Workers Hit EmblemHealth with OT Misclassification Suit

Two insurance grievance specialists sued their employer, EmblemHealth, in New York federal court, saying the company misclassified them as overtime-exempt, causing them to miss out on time-and-a-half pay while they clocked up to 70-hour weeks.

Dasya María Cordova and Ada Casasus sued EmblemHealth Inc. and EmblemHealth Services Co. LLC last week, accusing the company of violating the Fair Labor Standards Act and the New York Labor Law by withholding overtime pay from grievance and appeal specialists. They said specialists had no leadership responsibilities or managerial control, qualities that could exempt them from receiving overtime pay.

"Plaintiffs bring this putative class and collective action to recover stolen overtime wages, which Emblem unlawfully denied to scores of employees that it knowingly misclassified as overtime exempt for decades merely to save labor costs and fatten its bottom-line profit margins," the suit said.

Cordova said she worked at EmblemHealth for 23 years — from 2014 on as a senior grievance and appeal specialist. Casasus said she worked for EmblemHealth for 15 years and has served as a grievance and appeal specialist since 2007 for the company, which is known as one of the largest nonprofit health insurers in the nation.

The Plaintiffs claimed specialists were often expected to work beyond 40 hours a week in order to meet their job expectations, which entailed processing appeals and grievances on insurance claims. They said the specialists oversaw collecting the records and details about the claim and passing that information on to the decision makers, such as doctors and nurses, who decided whether the appeal or grievance should be denied or granted.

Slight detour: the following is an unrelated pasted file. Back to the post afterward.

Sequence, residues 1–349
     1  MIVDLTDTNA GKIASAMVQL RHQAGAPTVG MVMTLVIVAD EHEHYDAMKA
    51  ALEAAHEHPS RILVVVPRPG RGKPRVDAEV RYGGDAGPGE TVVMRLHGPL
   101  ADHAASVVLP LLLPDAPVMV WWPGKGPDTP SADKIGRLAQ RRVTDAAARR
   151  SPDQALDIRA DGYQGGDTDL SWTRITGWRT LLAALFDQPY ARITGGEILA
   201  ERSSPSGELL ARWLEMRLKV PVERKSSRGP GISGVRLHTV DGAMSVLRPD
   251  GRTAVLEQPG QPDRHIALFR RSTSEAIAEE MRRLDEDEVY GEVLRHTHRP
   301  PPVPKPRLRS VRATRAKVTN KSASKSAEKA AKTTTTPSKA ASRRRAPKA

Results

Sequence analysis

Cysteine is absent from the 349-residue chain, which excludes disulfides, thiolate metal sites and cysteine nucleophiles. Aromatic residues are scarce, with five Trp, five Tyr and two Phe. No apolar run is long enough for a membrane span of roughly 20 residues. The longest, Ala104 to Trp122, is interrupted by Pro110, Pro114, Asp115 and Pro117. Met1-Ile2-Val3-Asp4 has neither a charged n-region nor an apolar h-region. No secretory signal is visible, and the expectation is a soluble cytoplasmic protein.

Cordova and Casasus said they had no decision-making power over the appeals and grievances, which could exempt them from overtime under the FLSA's so-called white-collar exemption. That exemption precludes administrative or executive employees from earning overtime.

They also said they would not propose solutions to appeals, nor did they have any power over matters of significance at EmblemHealth. They also had no authority to hire and fire employees, they said.

Cordova and Casasus said they regularly worked over 40 hours per week and sometimes clocked 60-70 hours to meet up with the demands of the appeals and grievances. They said they would sometimes start work at 7:30 a.m. and end at 10 p.m.

"Plaintiffs were routinely told by their managers in the middle of a workday that they had to complete the processing of dozens of outstanding cases by close of business that day," the suit said.

"These types of sudden, often completely unreasonable demands left plaintiffs with no choice, lest they lose their jobs, but to work well into most evenings and on most weekends, and certainly well over 40 hours a week," it said.

EmblemHealth willfully violated the FLSA and NYLL by underpaying specialists’ overtime, Cordova and Casasus said. They said they were routinely contacted by management after hours and were also required to send emails and submit reports well past normal business hours.

They also claimed EmblemHealth did not provide accurate wage statements to employees that recorded all the hours they worked and their accurate rates of pay. They also said they did not receive wage notices.

Cordova and Casasus said they're looking for injunctive relief against EmblemHealth as well as damages, pre- and post-judgment interest, litigation costs and attorney fees.

Tanvir H. Rahman of Rahman Law PC, who represents the workers, told Law360 on Monday that the specialists do not fall under any recognized exemptions to the federal and state overtime requirements.

"EmblemHealth, as we allege, has prioritized fattening its bottom line over lawfully paying its dedicated workers, and our clients intend to hold the company accountable for its unlawful policies and practices," Rahman said.